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Ms. Carmen Ferrer Pérez is a psychologist, MEC grantee and Predoctoral Fellow for the Research Unit in Psychobiology of Drug Abuse, Department of Psychobiology, Universitat de València. Graduate of the DIPTA Master’s Degree.

During her intervention, she presented the research results she obtained about the role of neuroinflammation in addiction. Hers is a pioneering research line in the field of drug abuse. 

She explained that our immune system is a defence mechanism against infectious and other unknown organisms. This system includes a series of barriers which prevent these pathogen organisms from entering, as well as a series of cells capable of responding if these barriers get broken. She also pointed out that our brain is an immunologically privileged organ because it owns microglia, a type of glial cells of the immune system working as phagocytes against germs and damaged tissue. Microglia react to pathogen-associated molecular patterns and recognise them as germs (PAMP), initiating an inflammatory response to them. Alcohol, cocaine and other xenobiotic drugs have a chemical structure which has been synthetized and are not naturally present in our organism. They can activate microglia when detected as PAMPs.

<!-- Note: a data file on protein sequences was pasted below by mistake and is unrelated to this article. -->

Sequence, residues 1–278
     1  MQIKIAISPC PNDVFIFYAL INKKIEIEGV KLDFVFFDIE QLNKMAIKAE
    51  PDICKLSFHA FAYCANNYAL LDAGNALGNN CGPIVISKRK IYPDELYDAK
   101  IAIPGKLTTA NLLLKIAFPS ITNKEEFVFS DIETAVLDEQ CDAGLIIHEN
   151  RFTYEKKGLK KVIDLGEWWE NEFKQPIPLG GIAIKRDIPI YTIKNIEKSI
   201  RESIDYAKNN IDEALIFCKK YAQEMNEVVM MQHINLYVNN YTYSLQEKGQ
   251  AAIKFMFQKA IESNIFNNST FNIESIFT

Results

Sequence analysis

This activation of microglia caused by drugs initiates an immune-inflammatory response in the brain. If this happens repeatedly, it may prompt damage and neuronal cell death. She highlighted that this inflammatory response caused by drugs explains the cognitive and behavioural worsening observed after drug abuse.

Stress also plays a crucial role in this process. Immune cells have receptors to intercept stress hormones. In consequence, adverse events activating the hypothalamic–pituitary–adrenal axis will also alter the activity carried out by the immune system. Currently, it has been determined that social stress is capable of activating the inflammatory mechanisms of microglia in the brain. Consequently, alterations may appear in several brain circuits. The reinforcement system can be affected by this inflammatory state of the brain, registering a higher sensibility to the reinforcing effects of drugs after an inflammatory process.

Therefore, neuroinflammation plays a double role in disorders caused by drug abuse: it helps us to explain a higher vulnerability present in some subjects and also the deleterious consequences observed after drug abuse.

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